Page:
As we prepare for our daughter’s bat mitzvah, the Jewish coming of age ceremony and celebration, I can’t help but cast a discerning eye toward other such affairs we've attended. Don't get me wrong, it’s nothing like that over-the-top movie, “Keeping Up with the Steins” (in which the family’s “friends” hold their party on a cruise ship with “Titanic” as their theme!). Still, in the past month alone, we’ve gone to three pretty wonderful bat mitzvahs. That’s because our daughter and I are part of a mother-daughter book club and the girls in the group have become close.
Here are three of the girls heading to the Rochester Club Ballroom for an evening of dinner and dancing. Don’t they look grown-up?
Here they are stepping barefoot to the DJ’s deafening beat.
And here's an action shot of our daughter, Helen, winning the hula hoop contest!
Of course the girls weren’t always this grown up. When we first started the book club in the fall of 2003, they were only in the fourth grade reading juvenile fare, swooning over handsome princes, intrigued by magic spells in books like Ella Enchanted and Which Witch?
But soon enough we moved on to stories with broader (more mom-oriented) appeal like Millicent Min: Girl Genius (which I loved) and Esperanza Rising (powerful and poignant, though a bit over their 5th grade heads). More recently we've read some great titles like The Giver (a thought-provoking sci-fi fable) and So B. It (a compelling mystery about a girl whose mother is mentally disabled).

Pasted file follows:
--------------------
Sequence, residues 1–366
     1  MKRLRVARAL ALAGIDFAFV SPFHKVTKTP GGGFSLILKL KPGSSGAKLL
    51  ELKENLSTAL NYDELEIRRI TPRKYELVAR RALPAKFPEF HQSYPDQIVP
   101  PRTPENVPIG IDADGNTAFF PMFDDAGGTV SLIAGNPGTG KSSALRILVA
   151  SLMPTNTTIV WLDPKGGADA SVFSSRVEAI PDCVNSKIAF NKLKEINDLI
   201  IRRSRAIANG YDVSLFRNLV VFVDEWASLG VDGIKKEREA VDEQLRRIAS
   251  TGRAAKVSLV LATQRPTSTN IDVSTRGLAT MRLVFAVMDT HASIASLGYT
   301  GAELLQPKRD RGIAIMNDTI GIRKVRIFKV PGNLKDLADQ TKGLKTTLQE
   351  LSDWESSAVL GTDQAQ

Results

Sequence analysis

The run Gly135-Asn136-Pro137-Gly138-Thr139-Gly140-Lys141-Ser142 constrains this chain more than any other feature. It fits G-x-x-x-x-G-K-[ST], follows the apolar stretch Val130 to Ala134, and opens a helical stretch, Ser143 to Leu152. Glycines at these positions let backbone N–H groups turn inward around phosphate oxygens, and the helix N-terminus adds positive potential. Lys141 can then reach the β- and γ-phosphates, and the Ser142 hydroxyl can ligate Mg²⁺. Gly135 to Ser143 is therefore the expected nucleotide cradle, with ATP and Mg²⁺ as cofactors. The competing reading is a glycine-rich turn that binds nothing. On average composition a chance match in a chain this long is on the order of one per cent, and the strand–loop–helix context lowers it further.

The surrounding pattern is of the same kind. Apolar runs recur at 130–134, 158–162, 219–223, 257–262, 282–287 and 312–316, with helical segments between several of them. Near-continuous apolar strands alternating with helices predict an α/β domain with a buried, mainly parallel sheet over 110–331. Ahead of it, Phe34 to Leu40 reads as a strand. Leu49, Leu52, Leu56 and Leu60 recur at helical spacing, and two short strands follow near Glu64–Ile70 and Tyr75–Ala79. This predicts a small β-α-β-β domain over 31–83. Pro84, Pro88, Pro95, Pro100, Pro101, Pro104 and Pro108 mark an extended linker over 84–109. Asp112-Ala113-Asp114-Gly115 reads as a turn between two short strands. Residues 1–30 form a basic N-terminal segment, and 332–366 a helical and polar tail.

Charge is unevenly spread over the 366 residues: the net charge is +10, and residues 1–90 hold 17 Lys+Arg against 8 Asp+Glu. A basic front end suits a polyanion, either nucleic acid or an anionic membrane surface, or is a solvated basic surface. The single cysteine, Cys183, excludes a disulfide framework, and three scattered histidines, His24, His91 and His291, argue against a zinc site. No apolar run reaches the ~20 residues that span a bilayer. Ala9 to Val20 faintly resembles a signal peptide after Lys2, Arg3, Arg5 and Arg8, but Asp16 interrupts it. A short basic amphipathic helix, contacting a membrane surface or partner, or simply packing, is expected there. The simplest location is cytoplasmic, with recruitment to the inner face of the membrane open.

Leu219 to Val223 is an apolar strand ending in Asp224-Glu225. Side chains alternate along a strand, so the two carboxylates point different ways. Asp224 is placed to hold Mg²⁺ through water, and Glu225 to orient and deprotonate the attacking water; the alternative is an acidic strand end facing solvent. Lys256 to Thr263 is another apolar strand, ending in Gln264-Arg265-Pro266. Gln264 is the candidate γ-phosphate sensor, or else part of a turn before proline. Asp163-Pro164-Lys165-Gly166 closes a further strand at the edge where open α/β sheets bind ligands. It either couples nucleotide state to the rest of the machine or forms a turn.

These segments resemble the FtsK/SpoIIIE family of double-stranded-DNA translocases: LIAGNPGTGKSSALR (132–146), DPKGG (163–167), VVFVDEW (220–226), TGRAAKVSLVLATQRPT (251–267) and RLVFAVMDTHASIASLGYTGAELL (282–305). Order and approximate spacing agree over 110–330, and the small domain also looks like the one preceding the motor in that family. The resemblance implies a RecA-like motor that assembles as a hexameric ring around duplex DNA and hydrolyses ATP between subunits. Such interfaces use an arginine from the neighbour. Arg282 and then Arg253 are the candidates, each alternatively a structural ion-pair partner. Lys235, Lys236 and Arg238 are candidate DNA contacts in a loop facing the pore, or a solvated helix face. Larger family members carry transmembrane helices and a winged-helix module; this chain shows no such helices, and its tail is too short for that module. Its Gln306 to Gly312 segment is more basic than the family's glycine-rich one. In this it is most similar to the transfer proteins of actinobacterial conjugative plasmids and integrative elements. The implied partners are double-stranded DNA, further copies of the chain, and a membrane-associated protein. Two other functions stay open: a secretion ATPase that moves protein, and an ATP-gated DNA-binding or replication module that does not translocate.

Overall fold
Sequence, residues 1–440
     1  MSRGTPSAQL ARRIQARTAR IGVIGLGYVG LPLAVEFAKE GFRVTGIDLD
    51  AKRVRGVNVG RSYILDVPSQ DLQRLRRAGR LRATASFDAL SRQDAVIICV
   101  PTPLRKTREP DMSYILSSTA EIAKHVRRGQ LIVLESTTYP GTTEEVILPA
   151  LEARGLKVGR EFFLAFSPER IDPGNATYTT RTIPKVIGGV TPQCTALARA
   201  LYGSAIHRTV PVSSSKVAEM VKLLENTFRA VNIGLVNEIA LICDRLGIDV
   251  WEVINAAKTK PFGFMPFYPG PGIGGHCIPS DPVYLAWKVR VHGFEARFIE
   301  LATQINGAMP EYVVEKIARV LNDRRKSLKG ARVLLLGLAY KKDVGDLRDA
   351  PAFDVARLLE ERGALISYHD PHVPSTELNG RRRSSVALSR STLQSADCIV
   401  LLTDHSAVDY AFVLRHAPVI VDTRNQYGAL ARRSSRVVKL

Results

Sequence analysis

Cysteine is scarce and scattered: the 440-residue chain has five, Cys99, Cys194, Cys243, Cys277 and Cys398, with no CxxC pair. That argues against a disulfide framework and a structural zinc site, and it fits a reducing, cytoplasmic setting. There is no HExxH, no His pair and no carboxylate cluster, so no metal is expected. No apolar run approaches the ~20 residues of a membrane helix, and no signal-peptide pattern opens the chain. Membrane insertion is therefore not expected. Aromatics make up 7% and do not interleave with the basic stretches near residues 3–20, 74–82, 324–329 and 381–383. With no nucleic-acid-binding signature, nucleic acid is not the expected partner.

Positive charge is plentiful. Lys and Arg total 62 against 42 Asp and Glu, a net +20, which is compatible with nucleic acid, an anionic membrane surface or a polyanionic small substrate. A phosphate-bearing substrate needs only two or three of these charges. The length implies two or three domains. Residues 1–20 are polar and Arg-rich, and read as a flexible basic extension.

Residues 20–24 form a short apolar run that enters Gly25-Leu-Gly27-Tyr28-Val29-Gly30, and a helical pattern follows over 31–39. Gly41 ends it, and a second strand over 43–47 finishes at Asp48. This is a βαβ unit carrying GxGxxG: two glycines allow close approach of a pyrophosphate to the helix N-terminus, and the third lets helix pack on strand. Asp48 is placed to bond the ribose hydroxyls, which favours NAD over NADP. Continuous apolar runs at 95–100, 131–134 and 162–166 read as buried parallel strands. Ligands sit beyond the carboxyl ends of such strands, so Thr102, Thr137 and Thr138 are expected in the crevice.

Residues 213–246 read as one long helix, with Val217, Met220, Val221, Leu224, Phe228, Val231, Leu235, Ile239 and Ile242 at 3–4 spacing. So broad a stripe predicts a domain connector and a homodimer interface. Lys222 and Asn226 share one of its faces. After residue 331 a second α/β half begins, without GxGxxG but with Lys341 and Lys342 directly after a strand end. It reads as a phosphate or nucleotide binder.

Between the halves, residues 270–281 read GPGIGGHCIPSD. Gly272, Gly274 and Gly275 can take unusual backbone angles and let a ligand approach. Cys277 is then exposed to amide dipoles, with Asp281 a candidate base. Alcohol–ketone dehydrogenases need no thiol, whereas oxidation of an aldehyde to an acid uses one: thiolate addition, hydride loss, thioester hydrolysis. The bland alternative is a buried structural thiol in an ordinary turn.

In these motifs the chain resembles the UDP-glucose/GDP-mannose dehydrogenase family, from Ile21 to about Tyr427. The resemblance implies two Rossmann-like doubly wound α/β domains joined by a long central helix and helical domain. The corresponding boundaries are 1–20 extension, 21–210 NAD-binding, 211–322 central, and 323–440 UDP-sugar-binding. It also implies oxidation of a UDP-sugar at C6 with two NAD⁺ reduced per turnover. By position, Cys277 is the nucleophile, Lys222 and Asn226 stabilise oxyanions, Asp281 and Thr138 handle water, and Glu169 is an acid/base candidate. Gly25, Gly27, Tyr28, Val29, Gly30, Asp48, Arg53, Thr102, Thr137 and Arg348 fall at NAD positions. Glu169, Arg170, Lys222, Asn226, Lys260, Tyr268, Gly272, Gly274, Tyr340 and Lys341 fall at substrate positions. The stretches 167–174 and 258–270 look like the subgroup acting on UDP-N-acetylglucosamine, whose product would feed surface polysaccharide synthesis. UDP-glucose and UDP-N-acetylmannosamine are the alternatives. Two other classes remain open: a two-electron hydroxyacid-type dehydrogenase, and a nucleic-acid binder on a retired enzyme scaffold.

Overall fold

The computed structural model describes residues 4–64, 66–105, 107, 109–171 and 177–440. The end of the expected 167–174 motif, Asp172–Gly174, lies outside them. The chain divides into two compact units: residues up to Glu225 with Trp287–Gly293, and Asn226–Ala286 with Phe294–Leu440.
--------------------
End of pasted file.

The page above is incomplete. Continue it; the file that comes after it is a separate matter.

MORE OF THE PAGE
2005 (L-R): Risa, Devon, Helen, Sarah, Amanda
What a delight to watch these girls blossom in confidence and intellect, as well as in body. Last month we read: The Truth about Forever, about a troubled teenager who finds friendship and emotional strength in unlikely places. It was a book choice that proved controversial for some of the moms. So we had lots to talk about at that meeting.
2006: (L-R): Amanda, Sarah, Helen, Devon, Alex, Risa
This is such an exciting age - teetering on the cusp - still children one minute, so grown up the next. And every book, like every friend, shaping our daughters into the women they will one day become.
(L-R): Marianne, Cheryl, Liz, Shelly, Susan (Naoko not pictured)
Check out our Mother-Daughter reading list. Does anyone have any good young adult books to recommend?